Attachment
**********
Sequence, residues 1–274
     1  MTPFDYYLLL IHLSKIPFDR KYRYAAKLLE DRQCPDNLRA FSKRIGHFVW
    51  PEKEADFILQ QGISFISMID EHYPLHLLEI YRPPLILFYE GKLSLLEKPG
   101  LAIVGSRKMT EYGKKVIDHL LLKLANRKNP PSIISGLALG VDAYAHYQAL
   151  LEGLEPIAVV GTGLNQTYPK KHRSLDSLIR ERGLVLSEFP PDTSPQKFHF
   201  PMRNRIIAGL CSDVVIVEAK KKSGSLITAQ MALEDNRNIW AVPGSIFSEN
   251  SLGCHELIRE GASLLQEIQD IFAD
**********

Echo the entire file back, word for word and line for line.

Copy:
Sequence, residues 1–274
     1  MTPFDYYLLL IHLSKIPFDR KYRYAAKLLE DRQCPDNLRA FSKRIGHFVW
    51  PEKEADFILQ QGISFISMID EHYPLHLLEI YRPPLILFYE GKLSLLEKPG
   101  LAIVGSRKMT EYGKKVIDHL LLKLANRKNP PSIISGLALG VDAYAHYQAL
   151  LEGLEPIAVV GTGLNQTYPK KHRSLDSLIR ERGLVLSEFP PDTSPQKFHF
   201  PMRNRIIAGL CSDVVIVEAK KKSGSLITAQ MALEDNRNIW AVPGSIFSEN
   251  SLGCHELIRE GASLLQEIQD IFAD